It is a language similar to C language. But it has no main function. ML and C language can be written together. I think it is very difficult to write with ML alone. So, I think that ccz80 is easy to use.

The following is an excerpt from the source of the driver.

include "nisfxfnc.ccz80";
include "standard.ccz80";

byte a,a2,wa,mo,xx,v,lp,s0,s1,s7,s72,ply;
word pos,pos2,aa;

 "org #2800",
 "bgflag: equ #4300 + 15",
//         0123456789012345678901234567890123456789
 "DEFM   \x22NISFXDRV 1.0 / 2017 N.I                \x22",
 "DEFB   #1A,#04",
 "DEFS   6",
 "jp _seplay",
 "jp _seint"

//---------- start to play

asm{"or a","jp z,_sestop","dec a","add a,a","ld c,a","ld b,0","add hl,bc","ld (_pos2),hl","LD HL,BGFLAG","RES 1,(HL)"}
if(ply==1){ply=2;while(ply==2);}//wait seint
if((*(pos++)&1)==1){s7=54;s72=128;} //54:110110 10000000
else{s7=62;s72=128+8;}             //62:111110 10001000
// interrupt on
gosub seint;//if(ply==0)return;

I use Glass :)


I like its R800 support, the way you can include other source files and the use of macros.....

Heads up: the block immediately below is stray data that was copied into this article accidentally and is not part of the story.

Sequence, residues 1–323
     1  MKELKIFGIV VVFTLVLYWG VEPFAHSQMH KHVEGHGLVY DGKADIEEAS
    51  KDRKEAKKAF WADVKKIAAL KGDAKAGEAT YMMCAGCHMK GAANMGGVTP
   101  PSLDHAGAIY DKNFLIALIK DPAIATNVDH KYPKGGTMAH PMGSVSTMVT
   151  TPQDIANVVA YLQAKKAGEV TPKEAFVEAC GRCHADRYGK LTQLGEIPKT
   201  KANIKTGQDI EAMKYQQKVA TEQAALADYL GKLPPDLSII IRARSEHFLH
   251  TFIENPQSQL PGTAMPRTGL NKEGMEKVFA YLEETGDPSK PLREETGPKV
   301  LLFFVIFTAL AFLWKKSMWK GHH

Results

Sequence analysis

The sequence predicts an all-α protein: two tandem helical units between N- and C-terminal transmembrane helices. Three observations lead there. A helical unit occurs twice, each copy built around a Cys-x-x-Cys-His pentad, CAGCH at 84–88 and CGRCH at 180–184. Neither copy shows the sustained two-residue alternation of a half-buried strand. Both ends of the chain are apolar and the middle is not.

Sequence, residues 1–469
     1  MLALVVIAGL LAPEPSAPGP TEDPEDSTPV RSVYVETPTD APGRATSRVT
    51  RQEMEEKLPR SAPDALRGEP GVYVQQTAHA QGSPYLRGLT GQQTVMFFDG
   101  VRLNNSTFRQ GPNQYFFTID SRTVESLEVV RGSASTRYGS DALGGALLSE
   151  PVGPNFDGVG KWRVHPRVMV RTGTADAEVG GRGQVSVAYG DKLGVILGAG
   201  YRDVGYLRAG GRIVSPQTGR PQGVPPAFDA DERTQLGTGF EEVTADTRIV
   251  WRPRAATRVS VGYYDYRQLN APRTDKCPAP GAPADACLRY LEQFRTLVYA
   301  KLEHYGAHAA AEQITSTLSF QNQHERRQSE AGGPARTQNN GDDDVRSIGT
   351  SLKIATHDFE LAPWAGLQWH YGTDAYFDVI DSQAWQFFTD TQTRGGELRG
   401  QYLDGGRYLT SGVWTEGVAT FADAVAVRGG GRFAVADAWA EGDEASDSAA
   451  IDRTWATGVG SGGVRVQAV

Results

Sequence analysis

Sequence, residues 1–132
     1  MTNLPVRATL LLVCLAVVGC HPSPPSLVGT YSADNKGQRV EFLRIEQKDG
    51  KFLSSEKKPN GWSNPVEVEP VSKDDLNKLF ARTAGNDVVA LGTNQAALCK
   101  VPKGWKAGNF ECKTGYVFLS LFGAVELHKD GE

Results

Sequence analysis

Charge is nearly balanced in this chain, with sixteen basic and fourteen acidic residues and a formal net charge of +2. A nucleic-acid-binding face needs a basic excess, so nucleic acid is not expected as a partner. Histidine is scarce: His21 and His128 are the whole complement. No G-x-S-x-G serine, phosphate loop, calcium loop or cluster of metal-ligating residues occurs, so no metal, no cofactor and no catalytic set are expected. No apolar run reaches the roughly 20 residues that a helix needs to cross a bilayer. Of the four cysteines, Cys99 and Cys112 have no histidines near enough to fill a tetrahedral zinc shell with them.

I wrote this article years ago when I develop Booming Boy, about AS.COM.


Sorry, only Spanish.

Btw: Javi, I touch -1 on your reply. Was an error (I apologise). I can't return to 0. :S


Btw: Javi, I touch -1 on your reply. Was an error (I apologise). I can't return to 0. :S

Oh, don't worry about it. :-)

And I agree: I like Egor's AS.COM a lot too. It doesn't support as many pseudoinstructions as M80, but I never used those funcionalities in M80 anyway. A pity Egor isn't with us anymore.

@らとく: That doesn't sound like anything special. tniASM has had R800 support ever since its first version 17 years ago, as well as unlimited include statements. Macros came with tniASM v1.0 (15 years ago) and I'm pretty sure its macro capabilities are uniquely powerful.

What tniASM v1.0 allows you to do is use your own style. Do everything how you prefer it, instead of how the assembler author prefers it.

As for assemblers on MSX itself, I like to use WB-ASS2 for quick tests, and although I have used GEN80 and Compass back when I was learning assembly, I've never assembed whole programs on MSX. For those I used cross-assemblers, and their limitations were the only reason I learned C and wrote tniASM.

Since its release there have been several other cross-assemblers that have copied tniASM's unique feature set. I consider it a compliment, but it would've been nice if some actual credit was given.

I understand. In the past, I just used GEN80 on MSX and briefly COMPASS, but for recent development I switched to crossassembling and chose GLASS. Together with GEANY as editor.

I should give tniasm a try :)

At least we can agree on GEANY being awesome :)